Or check out the 57 bus schedule. It shows a bus leaving Watertown Yard at 4:33 and arriving at Kenmore at 4:50 (a trip which, during rush hour, is scheduled for more than twice as long). Yet there are no times given for any intermediate stops. So does the bus make these stops? Probably. But who's to say it doesn't run express? If you want to take the bus from Brighton (Washington Street at Chestnut Hill Avenue) not only are you not given a time, but really no guarantee that the bus would actually run.

Despite this, these routes provide a good base for a discussion about how late-night MBTA service could actually be provided, not just on Friday and Saturday nights, but every day, for allowing low-income workers to get to jobs at the airport and elsewhere. With the T required to mitigate cutting late night service, and currently proposing a very weak mitigation plan, that's an additional discussion we need to have. But for now, the agency at least ought to tell people about the service they already provide!


  1. When the T asked the public to submit maps for the contest -- signing over all rights -- I decided to submit a schematic map of these early a.m. services that I drew up in 30 mins. Which is 30 mins more than the T.

  2. What would be a good layout for a table of just the earliest trips? or infographic?

  3. Somehow I thought these buses were run for drivers to get to their 1st routes or something. I guess that may not make as much sense as I thought it did.

  4. Seems very unethical - almost criminal- to keep these 'secret'.

  5. speaking of cutting late night service they also cut the 57 & 57a late night Fri/Sat service!!?! That's just crazy. I used to ride that bus all the time when I was waiting tables and it was packed. I think the MBTA just doesn't understand the concept of public transportation being a service; I mean, the utilities don't cut electricity at times that usage is not particularly high.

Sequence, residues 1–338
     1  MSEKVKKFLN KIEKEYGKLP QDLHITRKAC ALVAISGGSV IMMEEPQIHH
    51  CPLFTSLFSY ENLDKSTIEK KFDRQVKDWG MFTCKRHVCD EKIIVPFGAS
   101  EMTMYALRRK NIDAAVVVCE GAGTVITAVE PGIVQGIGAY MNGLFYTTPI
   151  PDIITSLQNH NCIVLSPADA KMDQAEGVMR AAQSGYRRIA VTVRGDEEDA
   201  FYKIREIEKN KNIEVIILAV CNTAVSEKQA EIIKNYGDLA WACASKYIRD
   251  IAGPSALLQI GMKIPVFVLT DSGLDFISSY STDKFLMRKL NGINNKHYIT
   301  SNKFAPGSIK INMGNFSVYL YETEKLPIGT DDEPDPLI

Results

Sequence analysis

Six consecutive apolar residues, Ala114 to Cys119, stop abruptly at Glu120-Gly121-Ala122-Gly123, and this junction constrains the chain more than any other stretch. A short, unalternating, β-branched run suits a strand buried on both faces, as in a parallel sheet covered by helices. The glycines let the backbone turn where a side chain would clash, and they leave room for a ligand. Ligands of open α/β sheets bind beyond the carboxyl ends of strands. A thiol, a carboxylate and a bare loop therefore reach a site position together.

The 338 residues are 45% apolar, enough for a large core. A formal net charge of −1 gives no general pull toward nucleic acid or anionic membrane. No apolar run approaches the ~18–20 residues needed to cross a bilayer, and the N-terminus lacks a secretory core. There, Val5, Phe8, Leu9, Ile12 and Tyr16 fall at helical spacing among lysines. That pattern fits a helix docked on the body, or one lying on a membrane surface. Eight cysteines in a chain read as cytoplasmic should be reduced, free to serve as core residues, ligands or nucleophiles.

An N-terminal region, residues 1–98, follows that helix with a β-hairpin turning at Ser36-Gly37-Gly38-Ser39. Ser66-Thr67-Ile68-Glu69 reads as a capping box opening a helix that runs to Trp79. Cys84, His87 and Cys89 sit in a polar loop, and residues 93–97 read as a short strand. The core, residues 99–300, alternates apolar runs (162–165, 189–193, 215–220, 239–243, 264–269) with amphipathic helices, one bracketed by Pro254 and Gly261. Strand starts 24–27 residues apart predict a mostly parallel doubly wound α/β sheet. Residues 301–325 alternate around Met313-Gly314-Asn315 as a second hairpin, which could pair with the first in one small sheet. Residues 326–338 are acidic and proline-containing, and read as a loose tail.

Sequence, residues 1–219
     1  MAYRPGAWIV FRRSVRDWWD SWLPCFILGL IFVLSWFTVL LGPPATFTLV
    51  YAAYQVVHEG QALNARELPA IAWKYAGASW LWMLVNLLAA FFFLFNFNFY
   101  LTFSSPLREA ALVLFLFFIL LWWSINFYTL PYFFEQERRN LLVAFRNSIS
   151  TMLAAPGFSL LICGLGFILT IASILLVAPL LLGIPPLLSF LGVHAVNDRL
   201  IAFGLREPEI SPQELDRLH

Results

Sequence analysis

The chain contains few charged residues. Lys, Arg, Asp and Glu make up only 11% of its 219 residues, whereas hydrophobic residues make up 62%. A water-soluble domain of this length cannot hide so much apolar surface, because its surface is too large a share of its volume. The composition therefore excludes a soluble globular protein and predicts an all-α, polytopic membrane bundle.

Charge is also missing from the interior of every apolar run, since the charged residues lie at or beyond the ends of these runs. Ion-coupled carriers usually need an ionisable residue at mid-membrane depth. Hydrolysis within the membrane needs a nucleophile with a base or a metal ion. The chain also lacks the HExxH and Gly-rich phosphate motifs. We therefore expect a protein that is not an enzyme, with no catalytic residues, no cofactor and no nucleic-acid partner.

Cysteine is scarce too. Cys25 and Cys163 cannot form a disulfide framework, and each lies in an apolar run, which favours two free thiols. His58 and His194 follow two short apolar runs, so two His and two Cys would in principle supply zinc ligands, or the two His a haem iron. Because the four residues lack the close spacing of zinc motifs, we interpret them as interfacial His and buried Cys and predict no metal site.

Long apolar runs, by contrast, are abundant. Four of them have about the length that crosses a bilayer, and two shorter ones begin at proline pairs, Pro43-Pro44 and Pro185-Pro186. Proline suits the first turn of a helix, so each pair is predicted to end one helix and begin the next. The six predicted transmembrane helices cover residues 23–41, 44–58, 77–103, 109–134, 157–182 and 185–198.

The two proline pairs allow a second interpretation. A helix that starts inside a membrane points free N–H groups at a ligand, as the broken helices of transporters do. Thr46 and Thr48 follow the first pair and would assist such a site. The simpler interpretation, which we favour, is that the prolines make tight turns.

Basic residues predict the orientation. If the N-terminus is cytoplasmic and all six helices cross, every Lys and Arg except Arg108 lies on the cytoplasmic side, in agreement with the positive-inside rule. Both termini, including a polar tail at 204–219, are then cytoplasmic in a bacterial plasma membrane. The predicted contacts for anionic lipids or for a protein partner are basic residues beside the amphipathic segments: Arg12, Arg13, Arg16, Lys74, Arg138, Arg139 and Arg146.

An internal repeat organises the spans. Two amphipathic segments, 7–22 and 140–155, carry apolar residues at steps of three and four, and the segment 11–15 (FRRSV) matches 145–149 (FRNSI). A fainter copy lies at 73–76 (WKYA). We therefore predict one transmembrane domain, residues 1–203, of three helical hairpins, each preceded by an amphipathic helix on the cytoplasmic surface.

[sorry for threadjacking/OT]

  6. I used to live in Eastie, and got my early morning connections via the Haymarket before 5 AM!
    Beautiful. Thanks for sharing!

  7. Small correction re the 109. Broadway & Ferry (Glendale Square) is in Everett.

    1. My Malden-born grandfather (who had a life-long limp due to a sledding accident involving a BERy car) is rolling over in his grave.

  8. From Jonathan Belcher's bus route guide on

    Employee oriented early-morning service
    191 Mattapan-Haymarket via Ashmont, Fields Corner and Dudley
    192 Cleary Sq.-Haymarket via Forest Hills and Copley
    193 Watertown-Haymarket via Kenmore
    194 Clarendon Hill-Haymarket via Sullivan
    195 Eagle St.-Haymarket
    197 Wonderland-Haymarket
    -These “routes” are in fact individual round-trips operated between 4:30-5
    a.m., primarily to provide transportation for subway station fare collectors.
    The trips are open to the general public. The routes were started in September
    1960, shortly after owl service was discontinued in June 1960. Route 195 was
    discontinued by 1979 but the other trips continue to operate. In September
    1999, these trips were listed in public timetables for the first time. Route 191
    is shown in Route 15 and 49 (later Silver Line) timetables, Route 192 in Route
    32 and 39 timetables, Route 193 in Route 55 and 57 timetables, and Route
    194 in Route 89 and 93 timetables. In addition, a new trip was restored
    between East Boston and Haymarket as Route 197 Wonderland-Haymarket.
    This trip is shown in Route 117 public timetables. In June 2001, a Sunday
    trip was added to Route 197. In March 2005, Sunday service was added to
    Route 191. Route 194 also has Sunday service, but Routes 192, and 193 only
    operate Monday-Saturday. In December 2005, Route 197 was renumbered as
    a variation of Route 117.

  9. Ari, you don't mention it, but the two 171 runs are published in the CT3 schedule.

    Sadly the 171 is one-way and does not take passengers from the airport back to Boston. Twice this winter when I've stayed long shifts, I've watched it drop-off at Terminal E and kill the lights before I walked to Maverick to wait for a late and fully packed 117. Even though Terminal E is dead quiet in the morning, I still saw at least three to five passengers get off at E each time.

    Since I'm here tonight again, I think I'll head over to Terminal A momentarily and check out the ridership.

  10. Do these trips show up in Google Maps? I think the answer is no because I asked Google Maps for an early morning trip to Logan recently and these didn't show up.

    1. They certainly do. But Google will only let you walk so far. So put in Mattapan to Logan and you get this. But put in something further and it assumes you'll want to spend 2:30 laying over in Dudley overnight. Uh, thanks but no thanks. GTFS ain't perfect.